Hire Slow, Fire Fast

Carrie Ward

Every sales leader we know faces too much work and not enough resources. Often the response is to hire a body – ANY body – just to get the job done. This stop-gap mentality is costly, both in dollars and morale. And it’s one of the reasons why sales turnover rates continue to escalate.

In my last blog, I posed the question: Are you better with a nobody vs. a NO Body? My view is that when given a choice between poor fit or an empty territory, opt for NO body. Now we flip the coin to consider ways to improve the hiring process.

When it comes to hiring in sales, time is your friend. We regularly coach our clients that hiring involves more than gathering resumes. So, before you review one application, make sure you:

  • Truly define your sales strategy. This goes beyond the PowerPoint deck shared at the sales kick off. Define your company’s sales focus and talent strategy for the upcoming 12-18 months. Clarify what you’re trying to achieve: New logos? Customer up-sell or cross-sell? Price or margin growth? Decreased costs of sales?
  • Align the sales hiring plan to that strategy. Simple enough, right? But we see misses here all the time. The skills of home-run hitter Mike Trout vs. high batting average hitter Jose Altuve are completely different. And in sales, different skills are needed for the different roles on your team. It’s important to map out the must-haves vs. nice-to-have skills PRIOR to evaluating candidates. Don’t let a stand-out resume or perception of a ‘rock star candidate’ fog your thinking.
  • Identify and benchmark your assessment tool. We’ve seen some great and some not-so-great assessments. Our research shows that long-term rep success comes from high situational awareness and adaptability. Make sure you’re looking to uncover these factors along with traditional traits: decisiveness, manageability, responsiveness, optimism, thinking style, etc. Create benchmarks around these factors using your top performers.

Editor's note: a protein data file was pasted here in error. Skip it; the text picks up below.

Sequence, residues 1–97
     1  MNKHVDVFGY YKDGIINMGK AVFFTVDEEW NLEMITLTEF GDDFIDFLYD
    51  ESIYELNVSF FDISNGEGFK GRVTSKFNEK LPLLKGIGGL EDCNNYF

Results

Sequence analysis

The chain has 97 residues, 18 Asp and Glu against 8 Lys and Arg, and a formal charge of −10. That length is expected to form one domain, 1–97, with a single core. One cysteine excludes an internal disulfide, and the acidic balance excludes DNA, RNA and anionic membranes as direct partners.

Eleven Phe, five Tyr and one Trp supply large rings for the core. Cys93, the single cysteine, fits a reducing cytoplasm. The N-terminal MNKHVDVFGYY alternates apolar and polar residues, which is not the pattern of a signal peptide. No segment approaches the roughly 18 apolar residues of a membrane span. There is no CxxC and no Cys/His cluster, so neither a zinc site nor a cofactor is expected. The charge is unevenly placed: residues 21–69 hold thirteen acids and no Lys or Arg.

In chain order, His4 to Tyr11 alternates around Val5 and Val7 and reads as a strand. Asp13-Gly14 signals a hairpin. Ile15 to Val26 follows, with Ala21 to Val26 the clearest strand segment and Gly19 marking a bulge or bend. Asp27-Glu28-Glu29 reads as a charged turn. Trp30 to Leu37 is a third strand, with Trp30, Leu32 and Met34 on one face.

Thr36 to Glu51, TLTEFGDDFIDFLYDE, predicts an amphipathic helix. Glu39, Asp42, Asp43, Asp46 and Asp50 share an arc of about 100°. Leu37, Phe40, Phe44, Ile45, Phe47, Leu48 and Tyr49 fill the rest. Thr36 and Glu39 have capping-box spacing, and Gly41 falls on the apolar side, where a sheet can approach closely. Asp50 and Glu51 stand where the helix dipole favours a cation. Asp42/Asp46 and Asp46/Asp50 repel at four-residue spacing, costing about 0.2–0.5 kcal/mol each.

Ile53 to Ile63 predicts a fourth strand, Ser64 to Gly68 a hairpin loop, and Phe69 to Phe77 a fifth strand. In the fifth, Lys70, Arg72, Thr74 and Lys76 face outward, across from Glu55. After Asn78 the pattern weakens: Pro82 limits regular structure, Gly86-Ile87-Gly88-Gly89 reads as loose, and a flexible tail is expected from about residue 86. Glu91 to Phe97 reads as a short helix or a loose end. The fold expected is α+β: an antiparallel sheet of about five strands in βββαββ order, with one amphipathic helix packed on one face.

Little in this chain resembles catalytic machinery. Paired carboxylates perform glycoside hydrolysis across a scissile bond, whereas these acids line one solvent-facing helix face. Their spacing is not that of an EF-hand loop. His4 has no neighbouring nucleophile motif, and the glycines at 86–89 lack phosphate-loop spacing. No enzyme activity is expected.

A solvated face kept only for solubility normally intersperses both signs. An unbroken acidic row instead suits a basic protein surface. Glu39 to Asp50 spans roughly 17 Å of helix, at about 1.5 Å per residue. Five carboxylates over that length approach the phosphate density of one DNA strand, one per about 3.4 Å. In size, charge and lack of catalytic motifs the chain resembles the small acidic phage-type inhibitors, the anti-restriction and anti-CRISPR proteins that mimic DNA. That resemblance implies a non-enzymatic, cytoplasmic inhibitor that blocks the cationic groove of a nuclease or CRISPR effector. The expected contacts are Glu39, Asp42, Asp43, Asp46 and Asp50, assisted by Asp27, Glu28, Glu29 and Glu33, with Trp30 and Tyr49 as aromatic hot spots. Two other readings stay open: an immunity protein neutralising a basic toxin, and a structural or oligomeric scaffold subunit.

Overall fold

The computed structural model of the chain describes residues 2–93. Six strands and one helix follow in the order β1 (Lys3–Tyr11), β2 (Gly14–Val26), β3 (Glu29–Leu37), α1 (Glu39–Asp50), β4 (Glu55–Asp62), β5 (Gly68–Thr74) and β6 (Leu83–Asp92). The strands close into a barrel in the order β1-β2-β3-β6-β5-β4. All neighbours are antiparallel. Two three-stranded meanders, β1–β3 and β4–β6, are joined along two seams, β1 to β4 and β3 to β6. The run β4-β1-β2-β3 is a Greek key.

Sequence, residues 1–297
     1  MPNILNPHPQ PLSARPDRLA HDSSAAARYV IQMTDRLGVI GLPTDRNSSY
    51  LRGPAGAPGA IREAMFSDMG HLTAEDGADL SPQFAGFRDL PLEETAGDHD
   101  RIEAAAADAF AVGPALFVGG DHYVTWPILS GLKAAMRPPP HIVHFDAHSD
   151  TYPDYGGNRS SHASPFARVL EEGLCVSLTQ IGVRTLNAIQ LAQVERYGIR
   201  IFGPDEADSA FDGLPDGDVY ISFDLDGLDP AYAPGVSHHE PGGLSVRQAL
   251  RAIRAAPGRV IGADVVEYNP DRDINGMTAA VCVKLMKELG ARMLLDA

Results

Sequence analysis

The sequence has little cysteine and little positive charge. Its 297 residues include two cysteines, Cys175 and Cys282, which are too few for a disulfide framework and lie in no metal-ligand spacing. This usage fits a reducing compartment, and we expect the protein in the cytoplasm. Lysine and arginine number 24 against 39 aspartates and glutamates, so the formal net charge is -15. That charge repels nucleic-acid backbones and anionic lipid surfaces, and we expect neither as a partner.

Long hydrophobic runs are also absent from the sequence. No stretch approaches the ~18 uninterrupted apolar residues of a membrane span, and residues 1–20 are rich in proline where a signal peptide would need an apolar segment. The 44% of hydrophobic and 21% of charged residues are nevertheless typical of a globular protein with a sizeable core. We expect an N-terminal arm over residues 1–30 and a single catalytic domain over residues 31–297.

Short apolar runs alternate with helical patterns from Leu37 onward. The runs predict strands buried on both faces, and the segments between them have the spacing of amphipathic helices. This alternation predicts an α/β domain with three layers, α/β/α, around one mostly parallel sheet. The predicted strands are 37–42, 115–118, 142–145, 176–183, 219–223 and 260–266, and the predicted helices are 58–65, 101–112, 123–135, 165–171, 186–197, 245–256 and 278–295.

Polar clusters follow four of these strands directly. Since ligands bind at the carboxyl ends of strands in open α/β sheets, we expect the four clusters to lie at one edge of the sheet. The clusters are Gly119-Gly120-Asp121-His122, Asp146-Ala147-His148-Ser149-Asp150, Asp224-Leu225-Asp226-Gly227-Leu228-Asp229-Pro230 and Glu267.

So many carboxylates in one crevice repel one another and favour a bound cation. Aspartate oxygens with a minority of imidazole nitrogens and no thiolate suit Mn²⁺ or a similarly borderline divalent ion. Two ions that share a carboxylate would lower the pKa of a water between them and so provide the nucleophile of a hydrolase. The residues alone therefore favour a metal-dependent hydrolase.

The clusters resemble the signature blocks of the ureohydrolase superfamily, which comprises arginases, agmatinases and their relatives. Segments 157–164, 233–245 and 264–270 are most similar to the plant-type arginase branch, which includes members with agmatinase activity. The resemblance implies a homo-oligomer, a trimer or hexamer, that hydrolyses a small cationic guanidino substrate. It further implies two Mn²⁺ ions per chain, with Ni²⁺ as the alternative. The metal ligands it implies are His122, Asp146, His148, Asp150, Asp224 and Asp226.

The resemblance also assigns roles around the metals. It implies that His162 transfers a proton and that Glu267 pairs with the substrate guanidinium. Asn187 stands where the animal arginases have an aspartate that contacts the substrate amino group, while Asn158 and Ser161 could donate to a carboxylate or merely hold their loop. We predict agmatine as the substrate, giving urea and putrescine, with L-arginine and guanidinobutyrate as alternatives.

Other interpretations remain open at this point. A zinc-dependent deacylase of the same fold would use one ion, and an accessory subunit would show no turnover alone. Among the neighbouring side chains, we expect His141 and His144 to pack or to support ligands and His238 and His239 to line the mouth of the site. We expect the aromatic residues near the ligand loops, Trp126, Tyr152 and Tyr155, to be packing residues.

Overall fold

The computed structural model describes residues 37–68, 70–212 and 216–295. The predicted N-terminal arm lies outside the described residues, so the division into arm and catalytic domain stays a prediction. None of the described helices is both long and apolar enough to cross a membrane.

• Ensure you have a real hiring process. Too many times the hiring process is ad hoc. It’s dictated by who has availability on their calendar. An effective hiring process includes a core set of team members with defined roles. Employ a good-cop/bad-cop model or assign specific people to be a devil’s advocate. At least one person should have a skeptical mindset and push back on the viability of a potential candidate. At the same time, others may try to promote why you should choose the candidate. Insight comes from the diversity of views.

Sourcing Candidates

Today’s recruiting sites make it too easy to apply for positions, even ones for which candidates aren’t qualified. One of our clients has seen the number of applications for their AE role increase by 350% over the last three years. They’ve invested enormous time and resources just filtering through resumes. With that said, there is more to a person than a resume. One of our client’s top-performing salesperson lacks an elite school degree or 15+ years of experience. However, this rep has an open mind and a strong competitive streak (former Division I athlete). Perhaps most importantly, he’s highly coachable. It can be hard to identify these qualities from a simple resume.